03 September 2018
Finding reality, one card at a time
A remake/reboot of the original Entropy, Worlds Collide is an interesting and attractive card game that can’t quite deliver fully on its promising premise.
Part of the appeal is the game’s modest components. Each player uses just six identical action cards, plus the unique ability of their character, to try and claim four ‘shards’ before their rivals. Like fellow rapid filler Love Letter, the cards clearly state what they do, so once you’ve grasped the unnecessarily lofty and esoteric sci-fi terminology (‘shards’, ‘Nexus’, ‘reality’) and got a grip on the straightforward basics it’s fast to set up and get going. Cards are revealed simultaneously and performed in order of initiative value, so there’s very little slack between turns and plenty to think about as you try to outpace and outwit your opponents.
Once you’ve used an action card, you don’t get it back until you reset (with another card) or empty your hand, so knowing when to try and swipe one of your shards from the discard pile or central deck – the Nexus – is where the game’s big decisions lie.
The trickiest thing is that any players who execute the same action cancel each other out in a ‘clash’ unless one of them has the ‘anchor’ card (gained with another of the actions), which lets them break the tie in their favour.This means you can try your luck – but with up to four people and just six actions, the odds often aren’t in your favour – or scrap over the anchor with careful cardplay to pull ahead. Worlds Collide reduces the original Entropy’s player count by two, which helps ease up on the frustration of feeling continually blocked, but it’s still a common enough occurrence for players to feel like they're recreating a sci-fi version of Dr. Seuss' The Zax.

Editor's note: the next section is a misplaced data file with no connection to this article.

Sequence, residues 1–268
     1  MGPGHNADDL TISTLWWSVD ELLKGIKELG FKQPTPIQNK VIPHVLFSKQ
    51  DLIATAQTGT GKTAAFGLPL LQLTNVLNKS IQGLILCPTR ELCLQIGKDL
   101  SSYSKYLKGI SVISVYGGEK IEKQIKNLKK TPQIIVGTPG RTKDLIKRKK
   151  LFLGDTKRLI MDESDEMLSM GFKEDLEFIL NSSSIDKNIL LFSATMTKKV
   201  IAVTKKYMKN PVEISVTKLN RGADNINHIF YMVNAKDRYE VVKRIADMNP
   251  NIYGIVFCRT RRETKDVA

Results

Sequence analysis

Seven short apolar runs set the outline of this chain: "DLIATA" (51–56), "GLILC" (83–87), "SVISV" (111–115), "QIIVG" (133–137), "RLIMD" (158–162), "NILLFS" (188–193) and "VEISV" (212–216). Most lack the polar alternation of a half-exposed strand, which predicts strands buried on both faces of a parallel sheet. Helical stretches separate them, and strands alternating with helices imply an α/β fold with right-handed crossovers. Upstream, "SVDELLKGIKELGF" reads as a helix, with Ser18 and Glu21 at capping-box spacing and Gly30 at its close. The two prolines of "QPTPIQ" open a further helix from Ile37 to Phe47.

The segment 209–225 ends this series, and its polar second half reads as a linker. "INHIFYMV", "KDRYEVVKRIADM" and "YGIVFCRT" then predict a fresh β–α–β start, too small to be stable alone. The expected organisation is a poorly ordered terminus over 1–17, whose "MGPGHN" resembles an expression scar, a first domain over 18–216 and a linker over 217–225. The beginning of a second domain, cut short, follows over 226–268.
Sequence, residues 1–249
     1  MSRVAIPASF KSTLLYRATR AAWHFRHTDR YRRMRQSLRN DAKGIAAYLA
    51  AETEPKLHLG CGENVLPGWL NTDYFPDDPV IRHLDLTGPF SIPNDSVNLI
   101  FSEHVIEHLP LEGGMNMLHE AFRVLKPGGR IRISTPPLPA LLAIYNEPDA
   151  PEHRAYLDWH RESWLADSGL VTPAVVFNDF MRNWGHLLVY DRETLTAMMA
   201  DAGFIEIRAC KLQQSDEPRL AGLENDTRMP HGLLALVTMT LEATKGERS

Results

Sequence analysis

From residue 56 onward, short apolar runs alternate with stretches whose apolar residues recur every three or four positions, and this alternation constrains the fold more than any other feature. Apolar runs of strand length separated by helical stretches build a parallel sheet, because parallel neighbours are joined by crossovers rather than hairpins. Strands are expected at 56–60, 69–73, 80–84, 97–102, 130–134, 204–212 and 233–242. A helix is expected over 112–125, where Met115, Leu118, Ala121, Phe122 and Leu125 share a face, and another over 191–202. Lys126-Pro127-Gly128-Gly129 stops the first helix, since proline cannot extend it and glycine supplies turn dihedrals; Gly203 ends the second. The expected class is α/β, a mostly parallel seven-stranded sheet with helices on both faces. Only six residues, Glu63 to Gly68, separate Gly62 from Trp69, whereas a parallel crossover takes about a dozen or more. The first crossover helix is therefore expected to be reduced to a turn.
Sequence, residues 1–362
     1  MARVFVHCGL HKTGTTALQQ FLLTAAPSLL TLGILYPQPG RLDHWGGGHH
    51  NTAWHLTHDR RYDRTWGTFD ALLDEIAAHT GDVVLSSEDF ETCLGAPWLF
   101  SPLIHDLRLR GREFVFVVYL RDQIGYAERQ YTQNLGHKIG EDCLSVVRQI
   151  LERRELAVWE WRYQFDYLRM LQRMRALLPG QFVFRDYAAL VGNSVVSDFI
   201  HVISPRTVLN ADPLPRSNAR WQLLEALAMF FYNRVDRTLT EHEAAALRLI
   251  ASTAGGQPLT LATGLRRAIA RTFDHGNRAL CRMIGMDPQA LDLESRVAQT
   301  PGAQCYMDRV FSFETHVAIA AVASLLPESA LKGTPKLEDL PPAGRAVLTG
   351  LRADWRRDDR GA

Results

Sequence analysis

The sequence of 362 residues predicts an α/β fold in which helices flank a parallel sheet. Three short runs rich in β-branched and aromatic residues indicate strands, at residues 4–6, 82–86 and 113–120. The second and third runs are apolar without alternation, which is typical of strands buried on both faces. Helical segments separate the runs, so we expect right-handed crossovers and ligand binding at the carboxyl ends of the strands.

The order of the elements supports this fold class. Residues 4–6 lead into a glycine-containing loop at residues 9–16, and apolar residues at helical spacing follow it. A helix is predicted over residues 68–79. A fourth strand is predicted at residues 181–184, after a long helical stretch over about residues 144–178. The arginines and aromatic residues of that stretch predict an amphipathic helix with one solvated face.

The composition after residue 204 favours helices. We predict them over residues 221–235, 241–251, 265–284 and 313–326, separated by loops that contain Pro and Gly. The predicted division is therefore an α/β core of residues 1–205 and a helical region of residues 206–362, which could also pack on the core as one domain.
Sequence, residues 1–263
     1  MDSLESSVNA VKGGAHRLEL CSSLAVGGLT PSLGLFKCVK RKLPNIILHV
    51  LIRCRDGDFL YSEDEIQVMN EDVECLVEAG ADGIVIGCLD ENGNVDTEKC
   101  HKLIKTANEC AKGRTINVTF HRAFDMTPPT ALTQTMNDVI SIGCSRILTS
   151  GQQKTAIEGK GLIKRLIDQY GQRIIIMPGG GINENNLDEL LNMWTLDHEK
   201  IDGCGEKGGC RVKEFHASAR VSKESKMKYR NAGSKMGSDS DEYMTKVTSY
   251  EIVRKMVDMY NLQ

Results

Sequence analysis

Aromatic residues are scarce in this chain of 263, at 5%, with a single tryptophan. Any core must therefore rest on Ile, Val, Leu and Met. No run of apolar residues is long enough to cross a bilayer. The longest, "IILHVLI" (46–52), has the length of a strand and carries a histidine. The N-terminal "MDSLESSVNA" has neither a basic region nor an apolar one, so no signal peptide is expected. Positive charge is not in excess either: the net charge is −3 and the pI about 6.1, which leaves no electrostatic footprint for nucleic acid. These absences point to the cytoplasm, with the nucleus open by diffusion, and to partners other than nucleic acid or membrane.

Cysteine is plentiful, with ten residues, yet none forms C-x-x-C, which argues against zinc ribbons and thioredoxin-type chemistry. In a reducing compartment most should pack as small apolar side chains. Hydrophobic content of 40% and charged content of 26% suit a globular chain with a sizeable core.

Another intriguing idea is that each player stores a facedown shard in their ‘hold’, which only they can see until it is revealed (you guessed it: another action) – once face-up, it can be locked into a player’s ‘reality’, propelling them towards victory. As you can only hold one shard in your hold at a time, it makes it worthwhile to hang onto an opponent’s card to stop them claiming it, but this can hinder your efforts to collect your own set – and risks a rival targeting your hold with the expose action and taking it for themselves. The game sharply mixes in a set of shards from one of the characters not being used, so there’s always an element of doubt as to what each player has hidden. There’s a wild card in the mix, too, that stops things grinding to a standstill, particularly in two-player games.
There are plenty of admirable concepts ticking away in Worlds Collide, but they don’t always come together to make the game a whole lot of fun to play. There’s not enough room for bluffing or deduction with the hidden cards, and finding shards often comes down to lucky draws or plays – the clash rules mean you can spend multiple turns unable to do anything if you make a mistake and are forced to wait to reset your hand, or just happen to be unfortunate.
It looks fantastic, plays fast and might catch your fancy if you’re after a light 15-minute filler, but it’s hard not spend more time wondering what it could’ve been than actually enjoying what it is.
Despite some great art and big ideas in a small package, Worlds Collide doesn’t manage to land all of its hits as well as you’d hope.
Designer: Allen Chang, Alistair Kearney
Artist: Mike Yakovlev
Time: 15-45 minutes
This review originally appeared in the May 2018 issue of Tabletop Gaming. Pick up the latest issue of the UK's fastest-growing gaming magazine in print or digital here – or subscribe to make sure you never miss another issue.
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